Regardless of the ins or the outs of the Covid breakout in the Tyrone camp it is a messy situation that is far from ideal for anyone.
Now that the decision has been finalised everyone just has to get on with it. I am sure the last thing Tyrone want is to give a walkover but they are in an extremely uncertain position a week out from their biggest match in two years. It is hard to imagine that they will be at full tilt this day next week.
These players are finely tuned athletes and a setback like this will handicap them. Even a 5% drop in energy levels for a player at this stage of the competition can have huge consequences.
That said, the Ulster champions have always been at their best when they have a chip on their shoulder, when they have a cause to fight for or something to rail against. Past experience has taught me that Kerry will need to approach this match with extreme caution.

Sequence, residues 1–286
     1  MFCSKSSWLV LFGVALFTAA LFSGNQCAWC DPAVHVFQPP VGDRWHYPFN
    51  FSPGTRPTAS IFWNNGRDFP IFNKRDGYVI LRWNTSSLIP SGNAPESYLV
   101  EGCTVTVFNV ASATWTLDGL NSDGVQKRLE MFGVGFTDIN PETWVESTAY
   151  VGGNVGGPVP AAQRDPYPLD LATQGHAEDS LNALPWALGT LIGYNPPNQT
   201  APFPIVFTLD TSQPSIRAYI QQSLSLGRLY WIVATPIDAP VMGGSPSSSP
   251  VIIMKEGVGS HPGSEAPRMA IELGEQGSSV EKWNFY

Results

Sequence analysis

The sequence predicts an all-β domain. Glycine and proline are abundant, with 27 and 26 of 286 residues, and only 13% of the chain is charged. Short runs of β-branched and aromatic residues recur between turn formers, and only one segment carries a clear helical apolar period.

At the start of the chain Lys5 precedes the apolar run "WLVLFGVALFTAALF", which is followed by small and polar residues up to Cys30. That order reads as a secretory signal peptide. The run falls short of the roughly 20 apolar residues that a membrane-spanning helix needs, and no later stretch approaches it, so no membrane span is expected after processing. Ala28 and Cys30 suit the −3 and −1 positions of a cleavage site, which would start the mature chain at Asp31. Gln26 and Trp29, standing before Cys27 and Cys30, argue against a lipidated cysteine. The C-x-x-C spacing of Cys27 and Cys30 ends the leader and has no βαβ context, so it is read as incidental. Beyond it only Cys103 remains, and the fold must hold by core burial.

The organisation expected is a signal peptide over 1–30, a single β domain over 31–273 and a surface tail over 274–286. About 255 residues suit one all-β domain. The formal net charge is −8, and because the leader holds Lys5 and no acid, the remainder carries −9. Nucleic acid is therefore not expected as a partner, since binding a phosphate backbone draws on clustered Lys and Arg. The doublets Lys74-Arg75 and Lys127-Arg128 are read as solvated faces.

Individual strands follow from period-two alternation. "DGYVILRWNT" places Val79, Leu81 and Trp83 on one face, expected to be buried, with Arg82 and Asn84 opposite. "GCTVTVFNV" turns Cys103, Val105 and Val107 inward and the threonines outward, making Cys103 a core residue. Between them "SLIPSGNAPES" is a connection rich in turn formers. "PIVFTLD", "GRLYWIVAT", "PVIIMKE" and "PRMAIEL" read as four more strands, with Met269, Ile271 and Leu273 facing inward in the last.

From the Kerry perspective and with my management hat on the six days delay will have been annoying more than anything else.
The team were primed for battle and trying to pull the reins and hold for an extra week can be a challenge.
The four-week gap from the Munster final is also unpleasant. In 2015 we had a ridiculous five-week gap between our win over Tyrone in the semi-final and the final.
We had an A v B game a week out and the A team were lifting. The forwards couldn’t have been playing better. We thought we were in a great place.
A week later we scored nine points when we lost to Dublin by three in a monsoon. Looking back we were gone over the top a week early. The margins are tight from now on. On the positive side, it does give Diarmuid O’Connor and Dara Moynihan an extra week to get back to full fitness.
- Read Éamonn Fitzmaurice's full column on Dublin v Mayo in the Irish Examiner, print and online, on Saturday.